The Humanist Society of Scotland didn’t burn any bibles, or stand on the streets shouting abuse; Scotland has a long and nasty tradition of sectarianism, and we deplore it, just as we deplore the Vatican’s stance on the rights of women, and gay people and its abject failure to deal with the long-running scandal of child abuse.


Instead, we put up a poster in Glasgow that points out, very politely, that at least 2 million Scots believe they are good without God. Or in other words, that 40% of the population think it’s perfectly possible to lead a good and worthwhile life guided by reason & compassion alone.


The Pope is confusing secularism - which means that people should have the freedom to practice their religion but be free from the domination of religion - with selfish materialism and consumerism. And as he’s an intellectual, I think it’s reasonable to believe that he’s using words like militant, and aggressive, and Nazi deliberately.


The pope’s trying to suggest that our liberal, democratic society lacks morality, but what he really wants is that religious people should be free to discriminate in areas like employment, and education rather than abide by the equality laws that protect the rights and freedoms of us all.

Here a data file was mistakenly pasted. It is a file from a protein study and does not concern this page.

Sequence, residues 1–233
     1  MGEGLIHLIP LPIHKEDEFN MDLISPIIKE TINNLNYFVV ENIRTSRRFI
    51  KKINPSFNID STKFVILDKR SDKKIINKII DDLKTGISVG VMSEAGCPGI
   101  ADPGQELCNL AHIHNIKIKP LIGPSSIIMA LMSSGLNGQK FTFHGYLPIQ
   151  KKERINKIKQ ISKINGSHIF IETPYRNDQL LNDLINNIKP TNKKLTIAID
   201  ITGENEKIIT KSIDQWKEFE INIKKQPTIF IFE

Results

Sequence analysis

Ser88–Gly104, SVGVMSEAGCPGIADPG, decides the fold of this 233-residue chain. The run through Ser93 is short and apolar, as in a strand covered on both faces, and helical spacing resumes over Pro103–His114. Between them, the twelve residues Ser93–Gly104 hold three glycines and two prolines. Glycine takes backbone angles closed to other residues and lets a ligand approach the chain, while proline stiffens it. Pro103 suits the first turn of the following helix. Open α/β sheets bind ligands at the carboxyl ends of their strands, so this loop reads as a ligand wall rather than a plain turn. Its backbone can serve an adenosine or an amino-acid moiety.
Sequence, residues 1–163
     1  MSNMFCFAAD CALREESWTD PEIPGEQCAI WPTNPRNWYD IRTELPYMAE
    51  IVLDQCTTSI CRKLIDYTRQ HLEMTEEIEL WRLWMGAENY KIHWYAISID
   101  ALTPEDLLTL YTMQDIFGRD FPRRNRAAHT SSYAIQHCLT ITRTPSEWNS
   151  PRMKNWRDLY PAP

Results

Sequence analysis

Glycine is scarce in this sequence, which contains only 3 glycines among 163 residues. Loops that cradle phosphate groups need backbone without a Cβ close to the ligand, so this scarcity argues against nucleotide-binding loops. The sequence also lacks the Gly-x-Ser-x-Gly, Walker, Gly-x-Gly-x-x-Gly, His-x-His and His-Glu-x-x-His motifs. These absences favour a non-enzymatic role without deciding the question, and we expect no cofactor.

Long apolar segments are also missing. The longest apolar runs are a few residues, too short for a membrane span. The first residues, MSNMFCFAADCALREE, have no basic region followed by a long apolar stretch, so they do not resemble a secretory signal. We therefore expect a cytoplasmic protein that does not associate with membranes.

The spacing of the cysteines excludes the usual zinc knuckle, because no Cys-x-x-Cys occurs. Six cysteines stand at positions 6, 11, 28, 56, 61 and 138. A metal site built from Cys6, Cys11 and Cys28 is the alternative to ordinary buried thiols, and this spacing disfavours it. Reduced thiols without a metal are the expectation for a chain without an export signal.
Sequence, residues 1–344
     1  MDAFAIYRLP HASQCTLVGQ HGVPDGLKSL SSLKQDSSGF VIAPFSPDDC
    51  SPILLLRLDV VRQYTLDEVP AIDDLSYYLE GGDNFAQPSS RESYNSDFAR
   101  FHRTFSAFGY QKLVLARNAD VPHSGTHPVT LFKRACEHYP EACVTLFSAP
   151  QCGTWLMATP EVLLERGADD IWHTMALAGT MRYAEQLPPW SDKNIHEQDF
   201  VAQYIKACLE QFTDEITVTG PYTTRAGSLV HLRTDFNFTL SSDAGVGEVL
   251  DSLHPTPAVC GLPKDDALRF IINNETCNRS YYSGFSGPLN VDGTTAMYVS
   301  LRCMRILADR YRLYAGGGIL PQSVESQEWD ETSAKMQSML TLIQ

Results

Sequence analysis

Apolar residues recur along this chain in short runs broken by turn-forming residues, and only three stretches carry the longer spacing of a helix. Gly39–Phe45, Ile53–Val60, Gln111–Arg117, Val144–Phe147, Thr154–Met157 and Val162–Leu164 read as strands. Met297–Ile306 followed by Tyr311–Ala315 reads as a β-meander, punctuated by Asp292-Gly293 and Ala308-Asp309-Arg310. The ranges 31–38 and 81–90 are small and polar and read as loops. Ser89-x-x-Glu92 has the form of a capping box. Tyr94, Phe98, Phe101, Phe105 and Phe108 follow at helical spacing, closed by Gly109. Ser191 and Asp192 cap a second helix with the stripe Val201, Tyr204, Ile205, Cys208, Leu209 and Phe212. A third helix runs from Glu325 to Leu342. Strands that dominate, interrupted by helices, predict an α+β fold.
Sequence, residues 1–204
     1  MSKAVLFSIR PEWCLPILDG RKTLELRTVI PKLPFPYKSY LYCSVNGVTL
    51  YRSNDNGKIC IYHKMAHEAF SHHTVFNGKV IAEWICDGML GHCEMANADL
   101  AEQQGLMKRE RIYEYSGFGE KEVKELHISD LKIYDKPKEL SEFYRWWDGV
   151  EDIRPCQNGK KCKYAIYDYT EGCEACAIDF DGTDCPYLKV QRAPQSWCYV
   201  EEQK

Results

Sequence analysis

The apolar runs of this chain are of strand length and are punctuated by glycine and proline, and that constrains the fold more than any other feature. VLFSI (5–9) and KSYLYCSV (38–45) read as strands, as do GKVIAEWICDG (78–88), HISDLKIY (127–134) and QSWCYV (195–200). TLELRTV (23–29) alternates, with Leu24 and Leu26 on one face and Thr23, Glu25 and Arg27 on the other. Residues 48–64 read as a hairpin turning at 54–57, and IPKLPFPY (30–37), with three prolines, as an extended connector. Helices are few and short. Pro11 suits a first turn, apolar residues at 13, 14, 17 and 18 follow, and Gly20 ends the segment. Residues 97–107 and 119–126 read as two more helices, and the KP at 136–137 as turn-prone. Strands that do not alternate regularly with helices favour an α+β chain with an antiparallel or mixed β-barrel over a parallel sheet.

Actually secular societies are more moral than religious ones. Sweden, the most secular country in the world, gives the highest proportion of its gross domestic product in aid. Secularists don’t stone women to death for adultery, as they do in Iran, or murder people for teaching girls to read and write, as they do in Afghanistan, and I’ll be very surprised if we learn that the five Algerian men arrested in London on suspicion of plotting to assassinate him turn out to be secularists.


Why’s he attacking secularism? It’s simple: the pope’s rattled. Only 12% of the population is Catholic, and every time he opens his mouth, more and more people turn away from religion. In fact Pope Benedict is the poster boy for secularism.